June 2017
Volume 58, Issue 8
Open Access
ARVO Annual Meeting Abstract  |   June 2017
Partial Field Holoscopy
Author Affiliations & Notes
  • Tilman Schmoll
    Research and Development, Carl Zeiss Meditec, Inc., Dublin, California, United States
  • Daniel Bublitz
    Corporate Research & Development, ZEISS AG, Jena, Germany
  • Nathan D Shemonski
    Research and Development, Carl Zeiss Meditec, Inc., Dublin, California, United States
  • Lars Omlor
    Corporate Research & Development, ZEISS AG, Oberkochen, Germany
  • Christoph Nieten
    Corporate Research & Development, ZEISS AG, Jena, Germany
  • Matthew J Everett
    Research and Development, Carl Zeiss Meditec, Inc., Dublin, California, United States
  • Footnotes
    Commercial Relationships   Tilman Schmoll, Carl Zeiss Meditec, Inc. (E); Daniel Bublitz, ZEISS AG (E); Nathan Shemonski, Carl Zeiss Meditec, Inc. (E); Lars Omlor, ZEISS AG (E); Christoph Nieten, ZEISS AG (E); Matthew Everett, Carl Zeiss Meditec, Inc. (E)
  • Footnotes
    Support  German Federal Ministry of Education and Research, Photonik Forschung Deutschland, 13GW0043A
Investigative Ophthalmology & Visual Science June 2017, Vol.58, 3810. doi:
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    • Get Citation

      Tilman Schmoll, Daniel Bublitz, Nathan D Shemonski, Lars Omlor, Christoph Nieten, Matthew J Everett; Partial Field Holoscopy. Invest. Ophthalmol. Vis. Sci. 2017;58(8):3810.

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      © ARVO (1962-2015); The Authors (2016-present)

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Abstract

Purpose : To improve the resolution and collection efficiency of optical coherence tomography (OCT) systems. Today’s ophthalmic OCT systems detect only about 5% of the light exiting the pupil because they use only about 20% of the eye’s numerical aperture (NA). To overcome this, we introduce partial field holoscopy, which creates images of the human retina with high detection efficiency and high spatially in-variant resolution.

Methods : We built an in-vivo swept source partial field holoscopy system, which illuminates the retina with a low NA beam and collects the backscattered light with a high NA using a spatially resolved detection unit. It consists of 2 detectors, arranged in a balanced detection configuration, each containing 37 detection channels. In conjunction with the 10 kHz, 1060 nm swept source this results in an effective A-scan rate of 370 kHz. For computationally correcting defocus and aberrations of the eye, we require phase sensitive, angle diverse data. Access to the phase is enabled by the interferometric nature of the imaging method and angle diverse information is provided by the spatially resolved detection unit. For reconstructing volumes with spatially invariant resolution, we use the subaperture correlation based digital adaptive optics algorithm (A. Kumar et al. Opt. Express 2013).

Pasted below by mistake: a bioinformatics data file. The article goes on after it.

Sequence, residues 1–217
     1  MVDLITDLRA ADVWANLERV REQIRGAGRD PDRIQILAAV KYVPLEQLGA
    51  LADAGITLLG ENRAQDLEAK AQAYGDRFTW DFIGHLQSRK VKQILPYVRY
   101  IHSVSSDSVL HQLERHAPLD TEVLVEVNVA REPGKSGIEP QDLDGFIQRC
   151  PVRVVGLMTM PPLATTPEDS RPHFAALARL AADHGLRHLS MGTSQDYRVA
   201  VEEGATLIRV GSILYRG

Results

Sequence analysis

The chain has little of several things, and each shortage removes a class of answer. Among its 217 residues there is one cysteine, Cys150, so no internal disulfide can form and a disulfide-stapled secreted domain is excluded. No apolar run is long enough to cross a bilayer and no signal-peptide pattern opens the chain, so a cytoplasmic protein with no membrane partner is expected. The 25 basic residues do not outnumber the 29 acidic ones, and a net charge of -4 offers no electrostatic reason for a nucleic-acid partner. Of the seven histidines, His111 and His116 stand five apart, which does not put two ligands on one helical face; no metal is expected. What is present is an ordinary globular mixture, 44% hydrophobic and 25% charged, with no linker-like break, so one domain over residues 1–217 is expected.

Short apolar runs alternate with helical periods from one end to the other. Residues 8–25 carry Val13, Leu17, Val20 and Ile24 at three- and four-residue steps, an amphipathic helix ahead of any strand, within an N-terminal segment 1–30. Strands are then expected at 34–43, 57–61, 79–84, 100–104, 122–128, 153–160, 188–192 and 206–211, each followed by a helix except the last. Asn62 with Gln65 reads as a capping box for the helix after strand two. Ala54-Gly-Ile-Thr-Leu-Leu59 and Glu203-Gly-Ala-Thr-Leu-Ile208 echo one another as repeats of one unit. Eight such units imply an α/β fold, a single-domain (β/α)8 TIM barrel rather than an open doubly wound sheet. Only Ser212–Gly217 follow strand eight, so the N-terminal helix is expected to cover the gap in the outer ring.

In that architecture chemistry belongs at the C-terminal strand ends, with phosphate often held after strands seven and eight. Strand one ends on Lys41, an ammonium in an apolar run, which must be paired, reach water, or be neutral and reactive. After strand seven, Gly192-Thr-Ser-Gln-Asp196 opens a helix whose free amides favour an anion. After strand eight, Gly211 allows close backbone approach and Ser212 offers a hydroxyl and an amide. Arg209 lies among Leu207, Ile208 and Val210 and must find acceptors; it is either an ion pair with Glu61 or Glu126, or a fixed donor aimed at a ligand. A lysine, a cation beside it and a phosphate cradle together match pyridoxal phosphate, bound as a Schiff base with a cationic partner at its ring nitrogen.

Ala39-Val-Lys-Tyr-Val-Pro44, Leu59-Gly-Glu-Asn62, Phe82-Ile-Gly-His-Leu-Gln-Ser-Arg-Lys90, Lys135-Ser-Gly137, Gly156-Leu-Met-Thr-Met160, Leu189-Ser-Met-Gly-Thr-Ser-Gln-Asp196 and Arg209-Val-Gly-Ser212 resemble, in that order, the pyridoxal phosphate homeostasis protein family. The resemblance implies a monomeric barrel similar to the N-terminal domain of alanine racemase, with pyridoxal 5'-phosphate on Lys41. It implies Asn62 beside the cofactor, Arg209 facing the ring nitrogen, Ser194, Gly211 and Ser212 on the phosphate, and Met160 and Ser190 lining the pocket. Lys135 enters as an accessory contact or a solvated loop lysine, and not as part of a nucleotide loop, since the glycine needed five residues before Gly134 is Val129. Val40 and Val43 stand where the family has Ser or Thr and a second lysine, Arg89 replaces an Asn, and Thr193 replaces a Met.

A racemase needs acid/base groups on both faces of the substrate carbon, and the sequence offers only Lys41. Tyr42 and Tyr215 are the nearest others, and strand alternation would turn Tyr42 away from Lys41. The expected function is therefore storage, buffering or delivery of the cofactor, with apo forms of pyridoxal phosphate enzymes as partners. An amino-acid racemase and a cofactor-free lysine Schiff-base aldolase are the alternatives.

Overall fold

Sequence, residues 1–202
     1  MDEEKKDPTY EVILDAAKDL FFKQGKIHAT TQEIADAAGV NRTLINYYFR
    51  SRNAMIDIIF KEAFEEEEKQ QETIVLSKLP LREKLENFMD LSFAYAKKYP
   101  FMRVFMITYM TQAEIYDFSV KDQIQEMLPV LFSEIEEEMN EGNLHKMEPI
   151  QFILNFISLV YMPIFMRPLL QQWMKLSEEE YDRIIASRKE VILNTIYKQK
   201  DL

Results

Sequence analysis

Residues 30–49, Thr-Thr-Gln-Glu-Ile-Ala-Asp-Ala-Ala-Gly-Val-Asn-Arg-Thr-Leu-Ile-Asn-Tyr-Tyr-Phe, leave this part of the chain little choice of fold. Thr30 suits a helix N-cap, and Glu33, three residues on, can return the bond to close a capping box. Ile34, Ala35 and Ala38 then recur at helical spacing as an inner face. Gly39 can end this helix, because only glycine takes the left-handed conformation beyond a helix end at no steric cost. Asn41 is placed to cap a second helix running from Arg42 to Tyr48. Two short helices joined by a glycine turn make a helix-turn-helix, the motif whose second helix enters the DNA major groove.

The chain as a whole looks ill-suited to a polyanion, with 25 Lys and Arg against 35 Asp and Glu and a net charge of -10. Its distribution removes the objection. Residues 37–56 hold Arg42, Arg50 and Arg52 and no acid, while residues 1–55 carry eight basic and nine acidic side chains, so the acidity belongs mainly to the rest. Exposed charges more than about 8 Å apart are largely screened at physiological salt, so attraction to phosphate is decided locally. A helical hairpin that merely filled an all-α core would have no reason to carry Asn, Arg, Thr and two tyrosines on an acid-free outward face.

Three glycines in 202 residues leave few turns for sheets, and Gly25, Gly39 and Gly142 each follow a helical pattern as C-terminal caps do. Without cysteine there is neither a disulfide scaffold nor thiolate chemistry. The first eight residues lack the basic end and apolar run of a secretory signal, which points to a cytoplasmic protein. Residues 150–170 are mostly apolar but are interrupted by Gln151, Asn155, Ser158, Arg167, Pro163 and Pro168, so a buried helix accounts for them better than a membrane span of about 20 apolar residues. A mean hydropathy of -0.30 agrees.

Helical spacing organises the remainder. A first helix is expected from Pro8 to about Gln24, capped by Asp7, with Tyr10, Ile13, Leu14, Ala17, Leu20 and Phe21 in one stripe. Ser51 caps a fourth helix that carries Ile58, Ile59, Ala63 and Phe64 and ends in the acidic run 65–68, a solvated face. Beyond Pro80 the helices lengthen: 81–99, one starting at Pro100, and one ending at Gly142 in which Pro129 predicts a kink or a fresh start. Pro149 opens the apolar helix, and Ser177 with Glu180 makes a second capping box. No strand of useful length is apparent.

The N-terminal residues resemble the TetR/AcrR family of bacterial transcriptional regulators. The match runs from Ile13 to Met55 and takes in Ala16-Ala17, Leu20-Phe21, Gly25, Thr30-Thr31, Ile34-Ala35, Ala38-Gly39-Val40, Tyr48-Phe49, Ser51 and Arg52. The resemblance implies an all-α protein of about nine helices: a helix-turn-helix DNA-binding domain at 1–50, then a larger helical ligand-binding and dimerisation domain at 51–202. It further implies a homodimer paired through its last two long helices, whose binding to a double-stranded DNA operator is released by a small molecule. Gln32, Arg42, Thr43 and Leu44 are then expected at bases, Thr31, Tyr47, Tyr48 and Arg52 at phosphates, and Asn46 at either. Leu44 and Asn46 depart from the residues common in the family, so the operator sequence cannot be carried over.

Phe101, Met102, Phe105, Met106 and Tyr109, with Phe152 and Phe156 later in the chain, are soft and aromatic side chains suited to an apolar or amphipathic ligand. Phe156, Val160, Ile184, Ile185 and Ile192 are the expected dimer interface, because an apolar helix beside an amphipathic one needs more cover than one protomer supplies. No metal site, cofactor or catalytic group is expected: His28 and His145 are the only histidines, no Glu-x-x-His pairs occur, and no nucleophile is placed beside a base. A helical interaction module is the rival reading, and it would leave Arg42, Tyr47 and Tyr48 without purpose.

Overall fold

Results : Images of reflective as well as highly scattering test targets were acquired. A significant resolution improvement was observed after defocus correction, even in heavily scattering samples (Fig. 1). In Fig. 2 a first in-vivo retina scan can be seen. Fig. 2e demonstrates speckle reduction by incoherently adding the 37 detection channels.

Conclusions : Partial field holoscopy enables a detection efficiency and resolution otherwise only achievable with hardware adaptive optics. The angle diverse and phase sensitive nature of the captured data will enable many exiting extensions, e.g. photoreceptor imaging, quantitative blood flow measurements, tissue specific directional scattering contrast, dark field imaging.

This is an abstract that was submitted for the 2017 ARVO Annual Meeting, held in Baltimore, MD, May 7-11, 2017.

 

Fig. 1 a) group 6 elements 2&3 of USAF resolution test target, showing the resolution improvement after digital correction; b) USAF target with scotch tape on top, to demonstrate computational refocusing of highly scattering samples

Fig. 1 a) group 6 elements 2&3 of USAF resolution test target, showing the resolution improvement after digital correction; b) USAF target with scotch tape on top, to demonstrate computational refocusing of highly scattering samples

 

Fig. 2 a) In-vivo prototype; b) fiber array used as detector; c) average b-scan of 37 detection channels; d) center channel b-scan of section indicated by red box; e) average of all 37 channels, showing significant speckle reduction

Fig. 2 a) In-vivo prototype; b) fiber array used as detector; c) average b-scan of 37 detection channels; d) center channel b-scan of section indicated by red box; e) average of all 37 channels, showing significant speckle reduction

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